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    Peer Reviewed

    Personal gasoline consumption, population patterns, and metropolitan structure: the United States, 1960-1970

    Zelinsky W; Sly DF

    Annals of the Association of American Geographers. 1984; 74(2):257-78.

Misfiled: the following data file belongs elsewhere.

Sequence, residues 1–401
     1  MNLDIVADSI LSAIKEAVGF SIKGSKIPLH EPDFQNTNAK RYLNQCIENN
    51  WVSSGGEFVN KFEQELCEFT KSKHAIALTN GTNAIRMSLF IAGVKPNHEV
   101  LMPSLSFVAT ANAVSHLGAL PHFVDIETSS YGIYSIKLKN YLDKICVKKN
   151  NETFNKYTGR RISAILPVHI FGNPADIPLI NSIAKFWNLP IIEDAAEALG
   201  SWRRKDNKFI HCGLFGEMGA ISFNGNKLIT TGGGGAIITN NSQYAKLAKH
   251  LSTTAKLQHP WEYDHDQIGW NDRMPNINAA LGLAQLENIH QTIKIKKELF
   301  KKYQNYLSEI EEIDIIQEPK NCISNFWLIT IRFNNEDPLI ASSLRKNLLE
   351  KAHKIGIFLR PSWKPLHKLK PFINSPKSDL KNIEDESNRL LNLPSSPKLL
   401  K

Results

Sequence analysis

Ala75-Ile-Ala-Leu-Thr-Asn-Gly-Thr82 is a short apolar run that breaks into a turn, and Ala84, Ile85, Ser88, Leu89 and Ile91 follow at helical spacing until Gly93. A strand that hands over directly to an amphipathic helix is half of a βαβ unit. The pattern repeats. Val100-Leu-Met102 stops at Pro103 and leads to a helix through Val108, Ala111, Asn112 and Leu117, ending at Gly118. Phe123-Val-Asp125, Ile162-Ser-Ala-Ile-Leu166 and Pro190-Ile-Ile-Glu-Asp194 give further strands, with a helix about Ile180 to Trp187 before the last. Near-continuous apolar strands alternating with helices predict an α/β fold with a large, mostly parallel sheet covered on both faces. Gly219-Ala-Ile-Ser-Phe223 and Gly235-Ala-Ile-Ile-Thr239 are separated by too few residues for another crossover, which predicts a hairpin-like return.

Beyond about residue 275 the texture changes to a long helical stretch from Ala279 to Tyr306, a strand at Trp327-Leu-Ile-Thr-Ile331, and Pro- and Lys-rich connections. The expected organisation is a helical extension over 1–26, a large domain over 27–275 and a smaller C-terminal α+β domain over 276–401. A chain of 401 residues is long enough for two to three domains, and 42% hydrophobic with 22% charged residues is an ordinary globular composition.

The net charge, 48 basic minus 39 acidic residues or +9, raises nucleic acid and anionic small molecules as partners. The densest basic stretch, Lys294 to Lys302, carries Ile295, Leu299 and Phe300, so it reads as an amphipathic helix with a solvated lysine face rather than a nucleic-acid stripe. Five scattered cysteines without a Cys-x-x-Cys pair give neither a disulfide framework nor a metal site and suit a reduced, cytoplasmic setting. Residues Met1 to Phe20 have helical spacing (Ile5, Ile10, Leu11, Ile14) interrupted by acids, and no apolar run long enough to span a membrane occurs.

Using a 864 county study area, 1 containing all Standard Metropolitan Statistical Areas (SMSAs) as of 1975, and an 8% random sample of nonmetro counties, this study explores the relationships among population characteristics and change, metropolitan structure, and gasoline purchases for personal vehicles in the period 1960-70. Gasoline purchases, used as a proxy measure of energy consumption for personal travel, were estimated using information from the Censuses of Retail Trade and state gasoline tax data. 3 findings are particularly important. 1) Population redistribution among regions and 3 major categories of places--central city and ring counties within SMSAs and nonmetro counties--during the 1960s produced little or no appreciable change in gasoline used for personal vehicles at the national level. 2) During this period of sharply rising consumption, a decided convergence occurred in mean per capita values among regions and residential categories, with an especially notable increase in central city counties. 3) Surprisingly, within SMSAs, a negative association existed between suburbanization and SMSA levels of per capita consumption. This suggests that the more extended a metropolitan area and, inferentially, the more highly developed and integrated its periphery, the greater the fuel efficiency in personal transportation. It also suggests the need to reconsider our standard models of metropolitan structure. Because of major changes in socioeconomic conditions, the authors cannot safely extrapolate their findings into the 1970s and 1980s. (author's modified)
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